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Illinois Country Living

Re-experience the Prairie State on Foot
By Ty Poppenhouse

Backpack

Grab your most comfortable walking shoes or hiking boots, throw on a pair of jeans and a light jacket and head out the door. Spring means it’s time to go hiking.

The spring season offers a great opportunity to experience some beautiful scenery while exploring the Illinois landscape. The Illinois Department of Natural Resources (IDNR) boasts a variety of more than 270 hiking trails totaling more than 700 walkable miles.

We’ve all been sitting cozy in front of the TV-away from the windows and draped with our favorite blanket letting our legs get used to being lazy. Keep that in mind when you step out for your first hike. Not all of us can jump out of bed the first Saturday of nice weather and pump out a six-mile hike. We need to work our way up to that, and trust me, there’s plenty of time.

Start Slowly

Whether your goal is to finish that first three-miler or hike the 170-mile River-to-River trail by the end of autumn, one thing you must remember: work your way up!

If you haven’t been walking long distances, start slow. Make your first hike a walk around the neighborhood. Once you start feeling comfortable with your body’s walking ability, start your search for a local hiking trail. You can find trails in Illinois by going to the IDNR Web site at www.dnr.state.il.us/lands/Landmgt/Programs/hiking.

Plan Ahead

Know the weather before you head out. Nothing can ruin a day hike like an April shower that you didn’t know was coming. However, nothing can beat the smell of a spring rain when you’re prepared to be smack in the middle of it with a poncho and some waterproof boots. Illinois weather is fairly predictable, but you should still be in the know with the forecast to be properly prepared.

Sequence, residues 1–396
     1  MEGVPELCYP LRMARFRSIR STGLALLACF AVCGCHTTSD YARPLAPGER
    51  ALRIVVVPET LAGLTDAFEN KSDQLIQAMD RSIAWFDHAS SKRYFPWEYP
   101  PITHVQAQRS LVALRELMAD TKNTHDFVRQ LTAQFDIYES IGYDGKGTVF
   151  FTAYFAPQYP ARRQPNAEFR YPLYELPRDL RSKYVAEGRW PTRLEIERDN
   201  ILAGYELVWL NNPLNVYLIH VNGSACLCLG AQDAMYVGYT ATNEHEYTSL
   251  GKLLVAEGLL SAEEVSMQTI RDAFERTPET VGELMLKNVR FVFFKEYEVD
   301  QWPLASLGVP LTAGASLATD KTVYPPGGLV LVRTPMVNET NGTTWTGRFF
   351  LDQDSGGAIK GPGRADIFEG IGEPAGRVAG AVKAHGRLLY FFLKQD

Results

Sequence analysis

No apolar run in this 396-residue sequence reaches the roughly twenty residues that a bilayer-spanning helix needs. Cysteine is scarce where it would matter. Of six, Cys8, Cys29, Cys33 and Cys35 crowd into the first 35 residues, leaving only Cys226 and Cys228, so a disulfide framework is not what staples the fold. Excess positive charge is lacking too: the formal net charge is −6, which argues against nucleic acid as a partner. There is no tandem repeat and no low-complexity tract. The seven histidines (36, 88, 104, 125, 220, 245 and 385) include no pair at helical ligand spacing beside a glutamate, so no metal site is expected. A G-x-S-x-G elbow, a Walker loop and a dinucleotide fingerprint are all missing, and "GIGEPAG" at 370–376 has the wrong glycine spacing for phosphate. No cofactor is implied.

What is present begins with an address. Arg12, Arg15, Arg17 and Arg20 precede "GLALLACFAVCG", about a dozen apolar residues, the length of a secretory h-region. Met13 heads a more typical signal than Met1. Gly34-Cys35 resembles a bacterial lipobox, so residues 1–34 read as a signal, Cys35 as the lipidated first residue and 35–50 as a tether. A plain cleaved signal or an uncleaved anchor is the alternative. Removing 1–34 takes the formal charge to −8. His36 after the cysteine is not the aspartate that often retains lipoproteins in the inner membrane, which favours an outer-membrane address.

Plan ahead and know where you’re going. If you’re leaving the neighborhood for your weekend trek, find a map for your destination. If you’re heading to a state park, most trails are marked and maintained so you shouldn’t have trouble finding your way once you’re on them. You should at least know if the trail is a loop or a one way and also how long the trail is round-trip. Several books are available on hiking trails in Illinois, and most come with directions to the trailhead and directions through the trail. Learn everything you can about a potential trail and bring any helpful material with you.

Stay Hydrated

Hydration is a top priority. Becoming dehydrated can stop any hiker mid-step. For any hike, you should be taking at least one liter of water with you. If you’re planning on hiking five miles, take at least two liters. Use your best judgment when deciding how much water to take. Remember, even though it may be cloudy and not very hot, you are still losing water as you hike. It’s also a good decision to drink a lot of water BEFORE the hike as well. Remember, your body mass is about 60 percent water – you should keep it that way.

Park Guidelines

Each park may have its own guidelines for hiking on their trails. Here are some basic guidelines to always remember:

  • Check with park officials ahead of time to learn what they want you to know. For example, some parks close trails periodically for special hunts and maintenance.
  • Don't forget to tell someone where you're going and when you expect to be back before you head out.
  • Always stay on the designated trail.
  • Whatever goes in with you comes out, even if it's biodegradable or food waste.
  • Keep your pets on a leash at all times (this keeps them safe and helps keep you on the trail).

Enjoy Yourself

Last, use your senses, literally. We often take for granted what we expect to get out of a day hike. At first thought it's about the views, which can be repetitive and lead to boredom, but there's more. We don't always stop and think about the changing smells of budding pine and blossoming prairie flowers. We also become obsessed with the highest view or that waterfall we're hiking to. Don't forget about the journey to the destination.

For more information on hiking and to learn about its plentiful health benefits, visit:

 

 

© 2008 Illinois Country Living Magazine.
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